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Native vegetation

Native vegetation is vital for wetland and river health. Plants provide shelter, habitat, food and shade for a range of animals. They are vital for nutrient cycling, improving water quality and stabilising soil and riverbanks.

Different plants support different waterway functions and animal species. It is important to maintain a diversity of plant types in a healthy state to maintain healthy river systems.

Healthy floodplain forests, woodlands and wetlands need differing amounts of water throughout the year, including wet and dry periods. Water resource management, or how we use water in our rivers, has changed the wet and dry periods. This affects the type, diversity and nature of plant communities along the rivers. In many places like Murray River floodplains, this has meant a decline in river red gums, black box and lignum shrublands.

Basin annual environmental watering priorities for native vegetation

The Basin-wide environmental watering strategy includes objectives for water-dependent vegetation in the Basin. Water-dependent vegetation requires inundation, or high water levels to periodically cover wetlands and floodplains at least part of its life cycle. Our goal is to maintain and improve the health of this vegetation.

Annual environmental watering priorities for 2018-19

  • Maintain Ruppia tuberosa extent in the southern Coorong
  • Enable growth and maintain the condition of lignum shrublands 

The annual environmental watering priorities are the focus for the current year and are small steps in the short term to achieve the multi-year watering priorities in the long term.


Multi-year environmental watering priorities

The annual environmental watering priorities support multi-year environmental watering priorities that remain in focus over a number of years to achieve long term outcomes. Multi-year watering provides and relies on cumulative progress over time, e.g. watering in one year may only wet a dry riverbed, but follow up watering the next year provides more water to fill the river and reach wetlands either side of the river where it waters plants and animals.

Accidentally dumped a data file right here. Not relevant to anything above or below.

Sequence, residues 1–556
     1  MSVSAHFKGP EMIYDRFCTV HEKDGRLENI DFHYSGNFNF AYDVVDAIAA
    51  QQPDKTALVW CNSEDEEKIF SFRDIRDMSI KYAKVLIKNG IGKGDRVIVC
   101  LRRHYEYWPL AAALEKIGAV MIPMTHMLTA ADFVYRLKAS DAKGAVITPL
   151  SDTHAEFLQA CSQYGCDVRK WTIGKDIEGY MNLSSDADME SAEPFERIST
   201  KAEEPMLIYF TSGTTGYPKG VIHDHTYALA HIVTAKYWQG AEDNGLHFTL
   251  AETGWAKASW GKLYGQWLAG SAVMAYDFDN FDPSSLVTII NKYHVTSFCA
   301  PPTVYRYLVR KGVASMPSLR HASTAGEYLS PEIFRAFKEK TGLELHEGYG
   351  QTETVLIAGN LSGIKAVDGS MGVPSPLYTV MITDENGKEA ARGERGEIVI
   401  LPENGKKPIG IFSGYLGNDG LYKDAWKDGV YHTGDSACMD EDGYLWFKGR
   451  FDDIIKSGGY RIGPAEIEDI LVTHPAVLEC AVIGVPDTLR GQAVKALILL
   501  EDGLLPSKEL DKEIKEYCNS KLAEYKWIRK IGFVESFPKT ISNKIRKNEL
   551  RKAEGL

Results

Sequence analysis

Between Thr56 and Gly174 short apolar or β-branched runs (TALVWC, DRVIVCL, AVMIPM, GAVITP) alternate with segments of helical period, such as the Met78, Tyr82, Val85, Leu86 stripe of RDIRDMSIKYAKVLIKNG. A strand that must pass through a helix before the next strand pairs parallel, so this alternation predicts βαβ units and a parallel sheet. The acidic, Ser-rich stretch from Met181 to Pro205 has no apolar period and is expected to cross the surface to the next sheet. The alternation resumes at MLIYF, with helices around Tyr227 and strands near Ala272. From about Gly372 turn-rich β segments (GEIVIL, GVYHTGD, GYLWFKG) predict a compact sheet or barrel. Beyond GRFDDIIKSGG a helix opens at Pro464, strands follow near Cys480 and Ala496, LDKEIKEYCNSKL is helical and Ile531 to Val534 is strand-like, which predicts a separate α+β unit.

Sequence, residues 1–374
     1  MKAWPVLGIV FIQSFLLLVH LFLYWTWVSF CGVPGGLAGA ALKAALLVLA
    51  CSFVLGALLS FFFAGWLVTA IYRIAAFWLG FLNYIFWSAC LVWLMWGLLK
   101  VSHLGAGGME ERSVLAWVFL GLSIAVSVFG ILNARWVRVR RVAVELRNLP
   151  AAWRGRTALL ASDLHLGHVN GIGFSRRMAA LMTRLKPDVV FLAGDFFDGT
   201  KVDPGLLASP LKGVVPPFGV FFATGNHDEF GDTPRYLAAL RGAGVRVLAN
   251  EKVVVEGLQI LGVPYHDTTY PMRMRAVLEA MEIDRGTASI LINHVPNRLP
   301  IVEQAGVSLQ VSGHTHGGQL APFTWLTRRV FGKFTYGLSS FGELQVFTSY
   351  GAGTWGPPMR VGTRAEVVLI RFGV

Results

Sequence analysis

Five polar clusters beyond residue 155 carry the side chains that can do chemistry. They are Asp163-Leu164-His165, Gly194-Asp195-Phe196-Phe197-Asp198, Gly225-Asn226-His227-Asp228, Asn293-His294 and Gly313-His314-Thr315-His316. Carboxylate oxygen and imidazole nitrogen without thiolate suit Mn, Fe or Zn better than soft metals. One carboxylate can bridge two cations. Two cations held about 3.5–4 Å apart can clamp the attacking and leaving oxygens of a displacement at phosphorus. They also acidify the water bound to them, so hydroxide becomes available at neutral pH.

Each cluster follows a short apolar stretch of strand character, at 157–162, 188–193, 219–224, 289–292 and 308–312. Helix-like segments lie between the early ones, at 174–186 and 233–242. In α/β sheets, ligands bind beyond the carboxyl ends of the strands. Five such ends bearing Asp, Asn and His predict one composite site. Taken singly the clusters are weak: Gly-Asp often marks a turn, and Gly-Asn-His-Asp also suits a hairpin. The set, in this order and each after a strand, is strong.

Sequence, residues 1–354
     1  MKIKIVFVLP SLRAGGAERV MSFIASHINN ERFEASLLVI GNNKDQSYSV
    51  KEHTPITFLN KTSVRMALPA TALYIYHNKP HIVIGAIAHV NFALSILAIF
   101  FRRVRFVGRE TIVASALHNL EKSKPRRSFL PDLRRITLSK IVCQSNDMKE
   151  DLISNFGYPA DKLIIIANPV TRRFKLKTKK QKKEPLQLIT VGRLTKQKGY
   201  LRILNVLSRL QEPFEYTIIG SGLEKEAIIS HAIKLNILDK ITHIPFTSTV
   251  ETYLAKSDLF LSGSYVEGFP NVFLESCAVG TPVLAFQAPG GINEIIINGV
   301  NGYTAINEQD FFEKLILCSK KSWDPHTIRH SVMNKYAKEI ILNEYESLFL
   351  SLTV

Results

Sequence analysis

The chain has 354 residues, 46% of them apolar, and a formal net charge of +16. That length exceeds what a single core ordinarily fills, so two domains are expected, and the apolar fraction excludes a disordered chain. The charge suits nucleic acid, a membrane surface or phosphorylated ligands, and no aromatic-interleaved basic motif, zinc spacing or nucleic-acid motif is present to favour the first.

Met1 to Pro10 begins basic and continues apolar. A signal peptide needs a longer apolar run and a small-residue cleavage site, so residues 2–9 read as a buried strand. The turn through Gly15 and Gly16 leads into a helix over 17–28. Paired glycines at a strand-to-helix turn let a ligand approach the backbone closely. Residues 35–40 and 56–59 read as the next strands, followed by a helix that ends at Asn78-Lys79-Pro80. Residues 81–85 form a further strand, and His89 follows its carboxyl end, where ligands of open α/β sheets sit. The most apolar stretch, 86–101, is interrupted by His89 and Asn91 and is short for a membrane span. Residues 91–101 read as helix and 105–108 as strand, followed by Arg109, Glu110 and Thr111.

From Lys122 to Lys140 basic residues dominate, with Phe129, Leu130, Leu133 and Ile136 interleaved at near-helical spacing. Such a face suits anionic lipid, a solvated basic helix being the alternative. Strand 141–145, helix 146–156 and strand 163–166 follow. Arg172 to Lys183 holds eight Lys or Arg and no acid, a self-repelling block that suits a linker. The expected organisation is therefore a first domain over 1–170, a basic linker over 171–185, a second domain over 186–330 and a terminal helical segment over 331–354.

More information


The multi-year priorities are listed below:
Expand the extent and improve resilience of Ruppia tuberosa in the southern Coorong

The Lower Lakes and Coorong is one of Australia’s largest wetland systems. It has 23 wetland types, covers 142,500 hectares and meets 8 of 9 criteria listed in the Ramsar Convention. Ruppia tuberosa, a submerged aquatic plant that was once widespread along the length of the southern Coorong, is a key indicator of the health of the Coorong and a defining component of the ecosystem’s ecological character. Many species in the Coorong, such as waterfowl and migratory waders, rely on the plant as a food resource. Ruppia tuberosa also provides habitat for other species in the Coorong.

The condition and extent of Ruppia tuberosa is influenced by a range of factors, such as water levels, water quality and the presence of filamentous algae within the Coorong. The millennium drought had a significant impact on the condition of the species, with Ruppia tuberosa disappearing from the southern Coorong. Although the species is showing signs of recovery, providing suitable habitat conditions and flow regimes for Ruppia tuberosa is essential to maintain this species that underpins the ecology of the ecosystem.

Ruppia tuberosa’s water requirements

Based on research by David Paton, University of Adelaide